A hurricane moves slowly, and tension is evident in the days leading up to landfall.
The long wait to see if Hurricane Dorian turns away from the U.S. mainland has been tortuous for me. I have family near Lake Okeechobee, and a straight path into Florida would swamp their area. Fortunately, Dorian changed course.
My family members are getting some high wind and a lot of rain, but they’re not in the bullseye anymore. However, a hurricane doesn’t have to make a direct hit to inflict damage. So it is that coastal regions from Florida to Virginia and beyond must deal with the storm.
On the other hand, a tornado’s strike zone is narrow compared to a hurricane, but its force is concentrated and it blasts everything it touches. A tornado can miss you by a mile and you are relieved. The eye of a major hurricane can miss you by 50 miles and your life is still threatened.
Sometimes, a hurricane can make an unexpected visit. Hurricane Hugo was a surprise. The storm made landfall in just the right place, at just the right angle, and we got clobbered. Hugo held together long enough be a borderline hurricane when it reached Burke and Catawba counties.
It moved fast. It was off the South Carolina coast the previous evening, and the next morning winds howled in Hickory. An evacuation order would have been useless.
My wife and I were without electricity for 11 days.
I feel for people who have suffered from tornadoes and hurricanes. Panic and pure dread are often overwhelming. Meteorology has improved to the point where we have better tornado warnings and much better hurricane alerts, but these storms are still unpredictable.
When my family lived in Texas, we had to duck and cover twice because of tornadoes. There weren’t many basements in flatland Texas, so it was get in the bathroom (which was in the middle of the house) or get behind the couch against an interior wall and hide among the cushions.
I was very young then, but my parents’ urgency and fear made an impression on me. At that time, we children were still subjected to atomic bomb drills in school. Our bathtub in a tornado gave us a better chance of survival than duck and cover under the desks at school if a bomb was dropped. The tornadoes never came down our street.
I mourn for The Bahamas. We took a trip to Freeport and Port Lucaya in 2008. It was The Bahamas’ 35th independence celebration. I loved it. Everyone was friendly, and I loved every minute of the trip.
The commonwealth was still recovering from Hurricane Jeanne (2004) and Hurricane Wilma (2005). Freeport’s legendary International Bazaar was a shadow of itself, with most of the stores empty. There were small piles of debris in some places that had to be left to rot.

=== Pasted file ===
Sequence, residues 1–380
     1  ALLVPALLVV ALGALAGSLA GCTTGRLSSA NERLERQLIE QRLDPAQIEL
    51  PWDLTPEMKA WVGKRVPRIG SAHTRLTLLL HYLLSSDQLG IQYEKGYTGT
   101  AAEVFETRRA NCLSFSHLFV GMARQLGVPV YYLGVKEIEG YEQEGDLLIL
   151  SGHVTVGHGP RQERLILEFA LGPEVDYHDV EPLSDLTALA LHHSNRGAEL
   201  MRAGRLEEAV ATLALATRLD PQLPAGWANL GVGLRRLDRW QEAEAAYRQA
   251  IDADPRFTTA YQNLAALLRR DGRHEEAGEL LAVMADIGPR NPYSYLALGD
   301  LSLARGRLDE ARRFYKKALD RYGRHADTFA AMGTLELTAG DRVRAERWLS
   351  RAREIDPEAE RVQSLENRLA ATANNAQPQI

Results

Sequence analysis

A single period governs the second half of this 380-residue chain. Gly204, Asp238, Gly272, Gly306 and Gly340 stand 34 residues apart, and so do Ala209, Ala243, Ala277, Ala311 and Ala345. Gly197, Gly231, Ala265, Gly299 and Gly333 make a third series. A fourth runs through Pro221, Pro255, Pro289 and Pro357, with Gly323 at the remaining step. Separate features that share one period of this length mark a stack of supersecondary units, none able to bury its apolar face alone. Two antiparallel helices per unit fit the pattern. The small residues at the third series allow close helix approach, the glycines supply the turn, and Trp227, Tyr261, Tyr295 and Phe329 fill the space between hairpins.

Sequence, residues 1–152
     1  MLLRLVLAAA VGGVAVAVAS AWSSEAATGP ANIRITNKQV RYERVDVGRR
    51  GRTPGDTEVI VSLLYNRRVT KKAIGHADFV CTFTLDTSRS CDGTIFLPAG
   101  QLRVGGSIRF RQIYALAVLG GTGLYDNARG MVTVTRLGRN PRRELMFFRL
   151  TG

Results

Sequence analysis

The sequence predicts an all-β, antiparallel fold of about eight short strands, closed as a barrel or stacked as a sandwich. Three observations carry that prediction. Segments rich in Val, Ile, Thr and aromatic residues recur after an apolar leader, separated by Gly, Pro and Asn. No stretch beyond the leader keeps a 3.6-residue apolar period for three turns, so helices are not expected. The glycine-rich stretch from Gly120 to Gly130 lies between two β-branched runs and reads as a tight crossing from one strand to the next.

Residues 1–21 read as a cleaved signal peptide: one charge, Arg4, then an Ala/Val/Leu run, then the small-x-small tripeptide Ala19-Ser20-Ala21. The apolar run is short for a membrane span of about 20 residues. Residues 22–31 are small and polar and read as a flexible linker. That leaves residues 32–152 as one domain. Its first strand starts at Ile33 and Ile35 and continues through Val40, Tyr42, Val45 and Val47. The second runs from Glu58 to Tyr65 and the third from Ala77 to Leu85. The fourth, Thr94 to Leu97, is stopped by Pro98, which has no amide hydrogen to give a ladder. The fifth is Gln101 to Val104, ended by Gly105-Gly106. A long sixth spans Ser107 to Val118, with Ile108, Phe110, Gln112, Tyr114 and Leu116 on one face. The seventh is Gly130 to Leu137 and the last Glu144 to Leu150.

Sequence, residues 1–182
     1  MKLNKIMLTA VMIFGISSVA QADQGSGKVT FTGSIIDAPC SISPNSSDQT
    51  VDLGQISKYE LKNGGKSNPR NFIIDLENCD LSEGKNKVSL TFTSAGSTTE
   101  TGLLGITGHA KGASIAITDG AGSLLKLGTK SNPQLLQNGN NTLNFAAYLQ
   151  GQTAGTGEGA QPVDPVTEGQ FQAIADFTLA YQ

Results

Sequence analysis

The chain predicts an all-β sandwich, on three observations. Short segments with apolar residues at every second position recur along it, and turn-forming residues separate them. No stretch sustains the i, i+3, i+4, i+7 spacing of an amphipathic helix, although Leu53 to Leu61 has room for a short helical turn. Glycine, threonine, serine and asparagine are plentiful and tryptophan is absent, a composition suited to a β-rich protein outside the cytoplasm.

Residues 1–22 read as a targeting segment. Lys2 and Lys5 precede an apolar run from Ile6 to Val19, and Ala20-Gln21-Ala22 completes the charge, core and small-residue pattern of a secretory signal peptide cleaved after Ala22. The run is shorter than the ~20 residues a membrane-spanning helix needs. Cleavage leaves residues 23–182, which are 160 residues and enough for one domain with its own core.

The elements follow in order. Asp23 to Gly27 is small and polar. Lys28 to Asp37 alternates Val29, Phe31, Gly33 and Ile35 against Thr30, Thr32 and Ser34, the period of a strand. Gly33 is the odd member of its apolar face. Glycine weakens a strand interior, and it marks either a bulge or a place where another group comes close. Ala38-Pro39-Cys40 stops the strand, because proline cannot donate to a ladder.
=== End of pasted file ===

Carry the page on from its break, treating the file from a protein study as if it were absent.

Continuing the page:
When Dorian drew near, I noticed on TV that the bazaar was looking good and prospering. Most of the storefronts were occupied. Alas, Dorian hurt The Bahamas harder than Jeanne and Wilma. The aftermath is chilling.
Whatever Dorian leaves behind in the United States won’t be pretty, either. Most predictions show the storm will work its devilment on North and South Carolina. As we’ve heard over and over the past several days, Atlantic barrier islands are fragile.
They’re also resilient. It’s how they survive. The people who have lived there for generations know a hurricane is not a trifling thing. Many will evacuate. Some will stay. Visitors on all the Atlantic barrier islands should get out. You’re simply not needed on Daufuskie or Hatteras in a hurricane.
When my grandparents lived in Tarpon Springs, Fla., the first piece of advice they got from other snowbirds was to have a plan to pack up fast and get out of the way of a hurricane. They had to skedaddle twice.
Both times, they needed little more than an hour to pack the car, secure the mobile home as well as possible and hit the road. Both times, hurricanes went elsewhere – missing the trailer park and Tarpon Springs – but my grandparents already were safely lodged in Madison, Ga.
My grandfather wasn’t scared or worried about much of anything, but when the time came to git, he did. He didn’t live through the 1940 floods to get smushed or drowned by a hurricane.
It’s hard to be upbeat when a vicious storm is at your doorstep or threatening friends and family. That’s when we also pray for people we know and don’t know.
Here at home, we’re probably safe from Dorian, but we still feel the tension and afterward the despair of those who have to cope with nature’s wrath because there is simply no way and nowhere to run.
Larry Clark is a News Herald correspondent who can be reached at firstname.lastname@example.org.